In 1971 Salford fish-and-chip shop owner George Khan expects his family to follow his strict Pakistani Muslim ways. But his children, with an English mother and having been born and brought... See full summary »
Elisabeth leaves her abusive and drunken husband Rolf, she packs her bags, takes the kids and goes to her brother Göran. The year is 1975 and Göran lives in a commune called Together. ... See full summary »
Young Indian man Thomas is a nerd in his reservation, wearing oversize glasses and telling everyone stories no-one wants to hear. His parents died in a fire in 1976, and Thomas was saved by... See full summary »
With only the plan of moving in together after high school, two unusually devious friends seek direction in life. As a mere gag, they respond to a man's newspaper ad for a date, only to find it will greatly complicate their lives.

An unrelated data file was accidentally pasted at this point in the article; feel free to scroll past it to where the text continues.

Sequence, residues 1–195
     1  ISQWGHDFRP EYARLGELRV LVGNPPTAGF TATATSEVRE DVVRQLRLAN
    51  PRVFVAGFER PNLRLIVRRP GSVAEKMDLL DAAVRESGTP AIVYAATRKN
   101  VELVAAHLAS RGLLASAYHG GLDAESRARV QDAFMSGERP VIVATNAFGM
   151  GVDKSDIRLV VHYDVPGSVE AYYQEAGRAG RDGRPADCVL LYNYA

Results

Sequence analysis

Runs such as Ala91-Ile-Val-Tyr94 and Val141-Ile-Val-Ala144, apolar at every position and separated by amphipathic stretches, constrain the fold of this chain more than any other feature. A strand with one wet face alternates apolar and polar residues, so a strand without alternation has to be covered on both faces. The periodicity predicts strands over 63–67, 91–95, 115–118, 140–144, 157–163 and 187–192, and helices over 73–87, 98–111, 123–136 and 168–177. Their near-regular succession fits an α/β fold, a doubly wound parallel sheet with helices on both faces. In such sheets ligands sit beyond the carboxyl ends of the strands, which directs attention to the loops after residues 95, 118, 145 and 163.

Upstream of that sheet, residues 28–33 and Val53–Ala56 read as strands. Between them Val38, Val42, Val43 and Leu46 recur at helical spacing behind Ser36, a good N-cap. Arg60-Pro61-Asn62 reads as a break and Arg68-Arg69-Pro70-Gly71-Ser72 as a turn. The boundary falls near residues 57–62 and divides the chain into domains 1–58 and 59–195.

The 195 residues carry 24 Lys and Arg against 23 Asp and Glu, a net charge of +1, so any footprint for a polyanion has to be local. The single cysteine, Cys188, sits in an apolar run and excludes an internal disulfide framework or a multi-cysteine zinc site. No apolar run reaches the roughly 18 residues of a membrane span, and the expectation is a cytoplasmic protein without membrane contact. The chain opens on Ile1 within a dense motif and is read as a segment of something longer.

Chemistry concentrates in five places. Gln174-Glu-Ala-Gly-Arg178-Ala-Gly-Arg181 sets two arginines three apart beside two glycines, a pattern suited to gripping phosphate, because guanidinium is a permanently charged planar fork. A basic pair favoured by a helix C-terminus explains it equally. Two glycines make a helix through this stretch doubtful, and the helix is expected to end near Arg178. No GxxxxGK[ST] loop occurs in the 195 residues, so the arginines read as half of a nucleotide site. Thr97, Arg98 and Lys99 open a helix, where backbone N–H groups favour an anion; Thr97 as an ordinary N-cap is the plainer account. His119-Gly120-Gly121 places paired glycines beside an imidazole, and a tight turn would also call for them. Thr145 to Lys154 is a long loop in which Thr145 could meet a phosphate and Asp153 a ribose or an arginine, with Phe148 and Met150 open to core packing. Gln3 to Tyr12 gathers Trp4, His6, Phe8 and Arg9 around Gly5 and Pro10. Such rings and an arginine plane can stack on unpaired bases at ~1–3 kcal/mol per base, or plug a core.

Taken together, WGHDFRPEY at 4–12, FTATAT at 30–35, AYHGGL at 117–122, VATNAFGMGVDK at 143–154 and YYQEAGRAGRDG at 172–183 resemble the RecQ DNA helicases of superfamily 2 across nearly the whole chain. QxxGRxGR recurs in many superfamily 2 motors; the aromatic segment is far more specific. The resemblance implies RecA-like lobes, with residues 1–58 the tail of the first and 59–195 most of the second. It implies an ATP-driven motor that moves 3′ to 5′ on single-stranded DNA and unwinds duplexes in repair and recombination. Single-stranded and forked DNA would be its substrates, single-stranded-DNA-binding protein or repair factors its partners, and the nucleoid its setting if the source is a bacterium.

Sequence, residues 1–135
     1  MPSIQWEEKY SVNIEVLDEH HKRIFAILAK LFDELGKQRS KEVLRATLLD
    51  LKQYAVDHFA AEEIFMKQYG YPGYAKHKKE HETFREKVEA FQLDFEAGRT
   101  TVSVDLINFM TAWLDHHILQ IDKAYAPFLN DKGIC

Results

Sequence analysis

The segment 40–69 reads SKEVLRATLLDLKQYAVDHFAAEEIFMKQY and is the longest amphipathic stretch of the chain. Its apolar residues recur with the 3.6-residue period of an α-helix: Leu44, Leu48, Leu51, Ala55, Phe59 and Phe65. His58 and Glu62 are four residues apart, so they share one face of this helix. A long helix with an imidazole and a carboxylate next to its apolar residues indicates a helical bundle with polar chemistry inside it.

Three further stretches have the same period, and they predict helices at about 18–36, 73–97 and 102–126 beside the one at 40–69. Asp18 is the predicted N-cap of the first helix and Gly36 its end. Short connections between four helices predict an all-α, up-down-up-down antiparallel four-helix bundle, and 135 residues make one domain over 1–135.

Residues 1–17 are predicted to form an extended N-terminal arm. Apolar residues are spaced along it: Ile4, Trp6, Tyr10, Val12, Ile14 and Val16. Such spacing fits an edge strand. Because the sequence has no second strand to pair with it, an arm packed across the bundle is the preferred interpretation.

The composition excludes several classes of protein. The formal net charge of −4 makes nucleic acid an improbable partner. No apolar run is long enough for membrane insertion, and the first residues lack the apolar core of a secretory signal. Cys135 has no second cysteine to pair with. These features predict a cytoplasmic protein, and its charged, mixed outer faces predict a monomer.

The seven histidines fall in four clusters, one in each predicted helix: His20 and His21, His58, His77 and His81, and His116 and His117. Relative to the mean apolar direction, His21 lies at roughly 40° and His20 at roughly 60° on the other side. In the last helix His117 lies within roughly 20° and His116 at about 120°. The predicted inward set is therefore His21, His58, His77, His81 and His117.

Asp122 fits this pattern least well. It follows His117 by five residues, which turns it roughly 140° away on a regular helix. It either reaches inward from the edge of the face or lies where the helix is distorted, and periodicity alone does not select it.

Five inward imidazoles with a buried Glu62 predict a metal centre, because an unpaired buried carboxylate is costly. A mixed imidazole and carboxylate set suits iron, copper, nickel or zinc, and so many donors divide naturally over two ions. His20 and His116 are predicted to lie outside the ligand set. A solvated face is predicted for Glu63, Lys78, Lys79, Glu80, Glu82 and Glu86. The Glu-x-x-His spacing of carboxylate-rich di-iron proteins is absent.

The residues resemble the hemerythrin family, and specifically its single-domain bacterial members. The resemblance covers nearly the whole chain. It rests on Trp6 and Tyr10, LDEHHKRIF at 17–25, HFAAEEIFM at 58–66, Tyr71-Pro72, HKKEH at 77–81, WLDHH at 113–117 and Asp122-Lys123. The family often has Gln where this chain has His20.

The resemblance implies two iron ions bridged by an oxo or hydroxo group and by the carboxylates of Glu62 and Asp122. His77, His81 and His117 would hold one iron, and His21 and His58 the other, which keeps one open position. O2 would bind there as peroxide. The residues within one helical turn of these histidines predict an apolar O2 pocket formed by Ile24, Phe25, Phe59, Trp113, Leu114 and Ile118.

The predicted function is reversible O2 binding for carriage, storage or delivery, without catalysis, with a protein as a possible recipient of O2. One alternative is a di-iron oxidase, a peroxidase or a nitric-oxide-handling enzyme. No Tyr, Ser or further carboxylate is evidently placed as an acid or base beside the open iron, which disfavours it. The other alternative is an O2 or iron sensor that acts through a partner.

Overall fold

In 1971 Salford fish-and-chip shop owner George Khan expects his family to follow his strict Pakistani Muslim ways. But his children, with an English mother and having been born and brought up in Britain, increasingly see themselves as British and start to reject their father's rules on dress, food, religion, and living in general. Written by
Jeremy Perkins <email@example.com>
The set department struggled to find authentic 1970s wallpaper and carpeting and had to pay a substantial amount of money to have it specially made for the production. See more »
In the scene when they are in Bradford, Ella and her daughter are in the kitchen. Ella comforts her friend because she is upset about her daughter in Pakistan. In the background on the painting on the wall you can see the reflection of the boom mic as it goes up. See more »
Solid slice of nostalgia, but something of a wasted opportunity.